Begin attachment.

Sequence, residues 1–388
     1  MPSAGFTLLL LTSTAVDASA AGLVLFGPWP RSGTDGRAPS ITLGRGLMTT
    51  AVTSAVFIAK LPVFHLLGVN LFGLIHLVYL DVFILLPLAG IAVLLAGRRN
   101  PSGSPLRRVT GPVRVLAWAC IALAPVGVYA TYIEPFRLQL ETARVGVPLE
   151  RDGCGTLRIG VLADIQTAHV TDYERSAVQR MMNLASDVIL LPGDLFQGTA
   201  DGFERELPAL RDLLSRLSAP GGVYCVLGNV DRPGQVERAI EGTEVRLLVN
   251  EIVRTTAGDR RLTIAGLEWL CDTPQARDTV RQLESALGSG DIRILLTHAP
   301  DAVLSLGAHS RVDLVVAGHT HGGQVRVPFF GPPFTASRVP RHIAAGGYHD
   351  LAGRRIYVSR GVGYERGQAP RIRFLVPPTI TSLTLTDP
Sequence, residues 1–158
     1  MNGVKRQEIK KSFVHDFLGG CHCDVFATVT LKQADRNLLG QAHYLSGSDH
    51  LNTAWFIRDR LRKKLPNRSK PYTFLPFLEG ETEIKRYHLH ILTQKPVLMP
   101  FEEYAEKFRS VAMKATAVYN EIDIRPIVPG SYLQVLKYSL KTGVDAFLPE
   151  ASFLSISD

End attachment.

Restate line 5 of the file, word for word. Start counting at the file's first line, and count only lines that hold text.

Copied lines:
   151  RDGCGTLRIG VLADIQTAHV TDYERSAVQR MMNLASDVIL LPGDLFQGTA